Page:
The most recent volume of Working Papers in Scandinavian Syntax has published a paper by PhD student Sigríður Sæunn Sigurðardóttir, entitled “Syntax and Discourse - Case(s) of V3 orders in Icelandic with temporal adjuncts.” This paper discusses the results of some research she has been conducting as part of her PhD coursework (and was also recently presented at the 34th Comparative Germanic Syntax Workshop in Konstanz).

Samuel Andersson, Sirrý Sigurðardóttir, Rikker Dockum, and Claire Bowern present at ICHL24

A contingent of Yale linguists has traveled to Canberra, Australia this week for the 24th International Conference on Historical Linguistics, hosted at the Australian National University. Participants from our department include Professor Claire Bowern, PhD candidate Rikker Dockum, and PhD students Sirrý Sigurðardóttir and Samuel Andersson.
Their talks, with links to abstracts, are as follows:

Veneeta Dayal presents on the interrogative left periphery at UMass Amherst, NYU, and the ILLC in Amsterdam

Professor Veneeta Dayal has given presentations on “The Fine Structure of the Interrogative Left Periphery” in the US and the Netherlands. In April, she gave a colloquium talk on this topic at UMass Amherst, as well as an invited presentation at a meeting of the Semantics Group at NYU.

Sigríður S Sigurðardóttir presents research at CGSW

Graduate student Sigríður S Sigurðardóttir gave a presentation on Friday, June 14th at the 34th Comparative Germanic Syntax Workshop, hosted in Konstanz. Her presentation was titled “Icelandic V3 orders with temporal adjuncts: A comparison with Standard Dutch and West Flemish”, and presented the results of research she has been conducting as part of her PhD coursework. In Icelandic, like some other Germanic languages, the verb is usually ‘second’, meaning it comes immediately after the first phrase.

Jim Wood speaks at Princeton Symposium on Syntactic Theory (PSST)

On Friday, April 5th, Jim Wood spoke at the 2nd Princeton Symposium on Syntactic Theory (PSST), organized by Byron Ahn and Laura Kalin. The theme for the meeting is “counterexamples”. Jim Wood’s talk, entitled “Prepositions, Nominalization and Allosemy,” connects with this theme through the lens of his recent research on Icelandic deverbal event nouns, and what such nouns tell us about the interaction between syntax and lexical meaning.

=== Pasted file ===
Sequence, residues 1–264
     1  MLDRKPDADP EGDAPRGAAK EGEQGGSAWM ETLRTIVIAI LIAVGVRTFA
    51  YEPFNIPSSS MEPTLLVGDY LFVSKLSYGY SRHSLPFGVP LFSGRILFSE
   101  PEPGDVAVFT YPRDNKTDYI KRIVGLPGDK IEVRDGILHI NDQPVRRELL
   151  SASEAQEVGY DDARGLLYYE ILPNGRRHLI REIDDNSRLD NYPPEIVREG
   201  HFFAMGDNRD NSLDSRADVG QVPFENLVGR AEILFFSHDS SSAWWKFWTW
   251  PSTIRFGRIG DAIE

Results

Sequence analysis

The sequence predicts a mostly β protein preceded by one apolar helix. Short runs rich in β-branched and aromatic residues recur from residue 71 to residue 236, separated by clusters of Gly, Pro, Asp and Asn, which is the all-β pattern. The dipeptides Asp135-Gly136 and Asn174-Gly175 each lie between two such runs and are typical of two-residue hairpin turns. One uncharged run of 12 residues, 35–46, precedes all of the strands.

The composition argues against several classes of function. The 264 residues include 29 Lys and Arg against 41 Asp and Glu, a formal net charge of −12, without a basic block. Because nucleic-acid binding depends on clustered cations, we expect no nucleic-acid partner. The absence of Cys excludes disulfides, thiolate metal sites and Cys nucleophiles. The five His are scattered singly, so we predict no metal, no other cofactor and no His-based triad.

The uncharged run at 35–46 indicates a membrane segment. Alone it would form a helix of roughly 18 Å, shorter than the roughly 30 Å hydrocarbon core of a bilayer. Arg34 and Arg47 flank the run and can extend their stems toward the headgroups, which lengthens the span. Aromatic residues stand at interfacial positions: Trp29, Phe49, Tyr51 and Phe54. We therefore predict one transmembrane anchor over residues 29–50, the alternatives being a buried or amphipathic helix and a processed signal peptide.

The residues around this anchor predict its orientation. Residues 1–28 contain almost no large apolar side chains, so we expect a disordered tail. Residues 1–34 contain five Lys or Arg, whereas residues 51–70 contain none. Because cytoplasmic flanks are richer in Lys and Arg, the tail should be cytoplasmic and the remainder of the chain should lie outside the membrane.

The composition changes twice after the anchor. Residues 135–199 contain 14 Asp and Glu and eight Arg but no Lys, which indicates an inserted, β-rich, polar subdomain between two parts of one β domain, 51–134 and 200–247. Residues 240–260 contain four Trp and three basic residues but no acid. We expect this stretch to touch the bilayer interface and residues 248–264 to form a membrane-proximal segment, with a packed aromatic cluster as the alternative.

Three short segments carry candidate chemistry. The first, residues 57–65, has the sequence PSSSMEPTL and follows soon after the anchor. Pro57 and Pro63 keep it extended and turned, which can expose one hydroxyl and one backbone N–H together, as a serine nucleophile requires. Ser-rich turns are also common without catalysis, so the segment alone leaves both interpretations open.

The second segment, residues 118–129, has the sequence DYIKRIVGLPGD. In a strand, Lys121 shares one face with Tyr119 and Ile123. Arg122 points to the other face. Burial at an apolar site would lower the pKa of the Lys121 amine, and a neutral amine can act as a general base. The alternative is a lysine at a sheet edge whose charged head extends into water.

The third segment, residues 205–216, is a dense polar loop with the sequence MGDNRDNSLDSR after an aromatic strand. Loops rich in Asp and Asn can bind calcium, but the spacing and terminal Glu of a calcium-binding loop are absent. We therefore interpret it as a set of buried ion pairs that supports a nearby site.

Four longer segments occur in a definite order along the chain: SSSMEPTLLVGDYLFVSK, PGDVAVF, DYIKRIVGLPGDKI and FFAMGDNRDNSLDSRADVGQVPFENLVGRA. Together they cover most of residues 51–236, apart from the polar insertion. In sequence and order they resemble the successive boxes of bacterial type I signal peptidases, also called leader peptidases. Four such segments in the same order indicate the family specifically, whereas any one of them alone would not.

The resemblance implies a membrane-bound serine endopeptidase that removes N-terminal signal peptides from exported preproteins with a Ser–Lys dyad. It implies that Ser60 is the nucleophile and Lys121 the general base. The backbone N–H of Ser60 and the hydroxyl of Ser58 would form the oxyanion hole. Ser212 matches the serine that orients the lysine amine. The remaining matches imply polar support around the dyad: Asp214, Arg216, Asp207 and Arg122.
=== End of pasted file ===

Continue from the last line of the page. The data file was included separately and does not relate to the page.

Raffaella Zanuttini gives talk at Workshop in Honor of Richard S. Kayne

Raffaella Zanuttini gave an invited talk last week at a workshop at NYU entitled “Antisymmetry and Comparative Syntax: Celebrating 25 years of antisymmetry and 75 years of Richard S. Kayne,” more informally referred to as “RichieFest.” The workshop celebrate’s Richard Kayne’s 75th birthday, as well as the 25th anniversary of his highly influential 1994 monograph The Antisymmetry of Syntax.

Sigríður Sæunn Sigurðardóttir contributes chapter to a book on diachronic stability

Graduate student Sigríður Sæunn Sigurðardóttir and her collaborator Thórhallur Eythórsson have contributed a chapter in the recent book The Determinants of Diachronic Stability, on stability and change in the history of Icelandic weather verbs. The paper was originally presented at the pre-conference workshop of DiGS 18 (19th Diachronic Generative Syntax conference) in Ghent, 2016. The abstract for this chapter is given below:

Jim Wood gives invited talk at the European Dialect Syntax (Edisyn) Workshop IX

Prof. Jim Wood will give an invited talk at the ninth European Dialect Syntax Workshop (Edisyn IX) in Glasgow, Scotland. The title of his talk is “Microvariation and the set of possible grammars.” In it, he will discuss the work of the Yale Grammatical Diversity Project broadly, along with some specific results and case studies, including verbal ‘rather’, the ‘have yet to’ construction, personal datives and dative presentatives.